Opinions vary concerning the optimum treatment of acute gastroduodenal peptic perforation.4,6,7,9,10,11,13,15,16,19,20 Not only does one have to consider the treatment of the acute abdominal catastrophe, but one should also bear in mind the prevention of future ulcer symptoms and dangerous complications. The most controversial unanswered question is whether the perforation per se is sufficient evidence of intractability to justify primary gastrectomy as the treatment of choice.
To gain information pertinent to this question a study has been made of 154 cases of gastroduodenal perforation treated at the Medical College of Virginia Hospitals since 1952. Those patients surviving simple closure have been carefully followed in an effort to ascertain the number who have developed recurrent ulcer symptoms and complications. Results therefrom indicate that a high percentage of patients undergoing simple plication subsequently develop disabling ulcer symptoms. Our findings also indicate that after simple plication, patients in whom preexisting ulcer symptoms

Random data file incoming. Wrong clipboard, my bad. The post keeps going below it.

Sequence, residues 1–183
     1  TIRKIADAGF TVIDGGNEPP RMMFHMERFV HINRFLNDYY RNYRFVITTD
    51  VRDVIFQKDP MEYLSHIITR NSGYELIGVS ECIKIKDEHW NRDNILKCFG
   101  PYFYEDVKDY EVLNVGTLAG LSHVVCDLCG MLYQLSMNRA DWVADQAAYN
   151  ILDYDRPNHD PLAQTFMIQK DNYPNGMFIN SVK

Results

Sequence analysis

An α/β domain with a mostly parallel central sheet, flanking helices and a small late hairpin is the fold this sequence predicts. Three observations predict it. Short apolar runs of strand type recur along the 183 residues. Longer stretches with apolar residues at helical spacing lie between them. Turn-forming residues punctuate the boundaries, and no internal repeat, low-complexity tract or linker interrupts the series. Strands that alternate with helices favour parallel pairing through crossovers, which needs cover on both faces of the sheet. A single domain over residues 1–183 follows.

ROYSTER HP, HARRISON JM, MARTIN CJ. Acute Perforated Peptic Ulcer: Treatment by Primary Definitive Surgery. Arch Surg. 1963;86(2):230–232. doi:10.1001/archsurg.1963.01310080054012
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